Moulage 3 Done

Moulage 3 took 7 fittings and is not perfected. Although it fits better, it looks worse than Moulage 1. That’s partly because Moulage 1 was so tight I couldn’t breathe and wrinkles couldn’t form.

Seven fittings because I fit one area at a time in small increments.  At one point I despaired thinking I would not be able to fit using Suzy’s system. That changed as I realized the cross back and armscye measurements were wrong. I was surprised when I raised the low hip (by taking a 1″ deep tuck) and many drag lines below the waist just simply disappeared.

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One of the last things I did to this moulage, was completely remove the front darts adding 1/2″ waistline ease. It had no effect on the downward dog wrinkles seen below the waist.  Which puzzles me because low-though-high hip could be taken in even more, at least another 1/4″. So I don’t think it’s not enough ease at the hip, but I’ve just proven (?) it’s not lack of ease at the waist.

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The sides are looking  good especially front views and above the waist. There are the diagonals below the waist and some horizontal lines at the back armscye. Not sure if the lines at the back armscye  result from armscye depth, or if the underarm base needs to be longer.  Another possibility, is that I will need round back alteration in addition to adding cross back width.  I would think the round back would be taking care of my the back waist length + the cross back width.

While this isn’t the near-perfection I was hoping for (especially after investing 4 hours of fitting on 3 consecutive days). It is better than I have seen in  the last few months.  I’m going to use this moulage to create the slopers Suzy describes in class because I think it will take a while to get the book and I still want to work with Suzy’s system. Personally I think these possible ‘dry runs’ will be helpful exercises.

I’m looking forward to Moulage 4 which I will do when I read the book along and with my newly printed measurement chart on which I’ve written the adjusted measurements.  I’ve made so many changes and discovered several critical measurement errors that I don’t think my moulage making is truly done. I really think I should get to the point of not having any deep wrinkles. Of course the fabric will develop some during movement but those two areas (back armscye and under waist) should not be this prominent IMO.

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6 thoughts on “Moulage 3 Done

  1. It’s looking very good and FWIW, you’ll probably really enjoy Suzy’s book. I love the fact that I have both book and the videos for different components of the drafting (sleeves, collars, etc) and each complements the other in the learning experience.

    I believe those side folds could be pretty easily gotten rid of but you may not want to hear my explanation! If not, please just ignore and accept my apologies for intruding.

    If you look at the last side photo, you’ll see the front hem rising. At the same time, the side seam drops into a bit of a V. Front hem rising says there is not enough length over the tummy area/too much length down the side seam. The two appear in tandem – always. The folds reflect that.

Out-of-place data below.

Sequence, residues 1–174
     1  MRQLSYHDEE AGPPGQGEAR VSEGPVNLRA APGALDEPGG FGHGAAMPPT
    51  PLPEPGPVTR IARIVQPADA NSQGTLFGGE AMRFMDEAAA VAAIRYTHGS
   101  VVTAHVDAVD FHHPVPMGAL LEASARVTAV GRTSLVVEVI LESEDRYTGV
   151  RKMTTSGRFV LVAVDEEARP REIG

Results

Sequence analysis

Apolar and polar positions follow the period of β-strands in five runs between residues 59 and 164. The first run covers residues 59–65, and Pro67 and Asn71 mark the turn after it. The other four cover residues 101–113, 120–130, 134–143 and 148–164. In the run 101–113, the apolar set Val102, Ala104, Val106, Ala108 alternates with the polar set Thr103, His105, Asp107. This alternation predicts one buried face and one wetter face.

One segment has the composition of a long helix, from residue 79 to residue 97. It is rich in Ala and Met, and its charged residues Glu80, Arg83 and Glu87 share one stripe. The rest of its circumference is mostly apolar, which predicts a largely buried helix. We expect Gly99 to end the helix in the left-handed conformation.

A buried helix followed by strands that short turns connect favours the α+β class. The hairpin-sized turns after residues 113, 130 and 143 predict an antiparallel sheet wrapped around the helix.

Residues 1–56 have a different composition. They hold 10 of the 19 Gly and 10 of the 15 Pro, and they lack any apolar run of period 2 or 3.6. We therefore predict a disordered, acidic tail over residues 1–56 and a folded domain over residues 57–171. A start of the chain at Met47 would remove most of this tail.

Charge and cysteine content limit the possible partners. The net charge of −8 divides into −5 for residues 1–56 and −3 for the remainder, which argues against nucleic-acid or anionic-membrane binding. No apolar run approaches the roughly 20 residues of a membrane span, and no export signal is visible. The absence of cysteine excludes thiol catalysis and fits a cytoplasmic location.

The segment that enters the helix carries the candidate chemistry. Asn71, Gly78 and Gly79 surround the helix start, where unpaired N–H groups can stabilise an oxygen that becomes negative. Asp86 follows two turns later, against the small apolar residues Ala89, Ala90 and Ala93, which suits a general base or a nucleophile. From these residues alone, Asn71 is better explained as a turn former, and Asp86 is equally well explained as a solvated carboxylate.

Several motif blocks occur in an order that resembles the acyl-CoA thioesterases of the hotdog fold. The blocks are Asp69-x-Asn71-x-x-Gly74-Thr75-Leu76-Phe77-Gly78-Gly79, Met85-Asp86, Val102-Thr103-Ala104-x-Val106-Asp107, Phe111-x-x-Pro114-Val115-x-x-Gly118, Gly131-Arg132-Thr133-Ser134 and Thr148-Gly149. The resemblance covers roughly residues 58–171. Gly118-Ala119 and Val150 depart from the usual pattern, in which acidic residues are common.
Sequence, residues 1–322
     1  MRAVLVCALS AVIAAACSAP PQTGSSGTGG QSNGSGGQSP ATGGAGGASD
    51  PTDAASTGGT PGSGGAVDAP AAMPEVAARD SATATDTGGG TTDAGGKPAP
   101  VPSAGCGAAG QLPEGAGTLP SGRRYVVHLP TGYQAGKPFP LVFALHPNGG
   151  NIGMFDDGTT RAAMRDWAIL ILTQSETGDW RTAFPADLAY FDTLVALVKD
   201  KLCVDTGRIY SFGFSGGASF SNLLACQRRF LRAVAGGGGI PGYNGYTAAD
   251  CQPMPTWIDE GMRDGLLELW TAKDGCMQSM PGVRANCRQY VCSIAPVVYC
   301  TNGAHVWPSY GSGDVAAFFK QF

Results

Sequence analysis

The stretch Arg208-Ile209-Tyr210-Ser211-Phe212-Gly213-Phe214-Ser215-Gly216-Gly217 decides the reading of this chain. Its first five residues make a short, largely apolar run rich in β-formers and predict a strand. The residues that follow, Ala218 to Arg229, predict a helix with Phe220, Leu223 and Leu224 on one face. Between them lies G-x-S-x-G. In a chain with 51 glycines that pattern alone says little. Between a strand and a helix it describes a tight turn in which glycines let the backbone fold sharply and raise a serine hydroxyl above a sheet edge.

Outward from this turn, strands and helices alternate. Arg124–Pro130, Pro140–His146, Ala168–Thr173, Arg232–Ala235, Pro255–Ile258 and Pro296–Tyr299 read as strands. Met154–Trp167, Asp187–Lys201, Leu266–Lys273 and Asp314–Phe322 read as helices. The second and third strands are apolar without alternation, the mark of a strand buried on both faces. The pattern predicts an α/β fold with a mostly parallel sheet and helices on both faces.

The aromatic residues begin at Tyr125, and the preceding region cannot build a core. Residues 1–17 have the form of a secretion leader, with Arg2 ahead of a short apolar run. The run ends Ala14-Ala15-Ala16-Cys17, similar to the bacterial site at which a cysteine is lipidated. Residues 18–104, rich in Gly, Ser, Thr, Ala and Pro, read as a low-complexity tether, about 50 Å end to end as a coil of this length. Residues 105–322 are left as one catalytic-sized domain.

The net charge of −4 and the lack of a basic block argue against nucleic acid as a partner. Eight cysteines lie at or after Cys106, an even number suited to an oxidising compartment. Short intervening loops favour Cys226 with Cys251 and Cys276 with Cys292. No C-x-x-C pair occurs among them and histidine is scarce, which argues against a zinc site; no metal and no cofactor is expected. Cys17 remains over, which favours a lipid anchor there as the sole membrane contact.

This can’t be fixed, however, by just adding length at the bottom on the front hem and I think that’s how you’ve been resolving the issue of rising front hem in the past. It’s critical that you add/subtract the body length exactly where your body needs it. It took me many years to realize this but what a game changer it was.

    Your pics show that your waistline is level & on grain. Therefore, you need the length below the waistline.

    To fix it, you need to, in essence, do a tummy FBA. There are a couple of ways you could do this.

    The easiest, because it doesn’t affect the side seam length is to slash horizontally from CF to side seam just under your horizontal waistseam. Slide the CF down about .5-.75″ (an open wedge). Put some tissue underneath the opening and tape. True the CF seam so that it remains straight, completely perpendicular to the waistline.

    I suspect that even after doing this, your pattern may need a bit less side seam length from waist to hem on both the back and the front but you won’t really be able to determine that until you’ve done the tummy FBA equivalent.

    The upper body, shoulder and bust look just excellent, btw.

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    1. I’ve been paying more attention to the shoulder and honestly not sure if I have the answer for it. I do know that whatever is wrong at the shoulder will be reflected, amplified even, all the way down. Haven’t really zeroed in on the waist and below. I still feel like the waist is a bit low maybe 1/4″-3/8″ which will make a difference. I won’t know for sure until I take measurements again for Moulage 4. At which time, I will not use the standard lengths given by Suzy. I will use my personal lengths. What’s the point of making a personal sloper and using standard anything? I also look at that diagonal (V) and think back to Shirley Adams who said diagonals were a mismatch i.e. you had the ease just in the wrong place. But you’re right, I’ve been handling this through adding length at the hem and width at the side seam and you may very well be spot-on.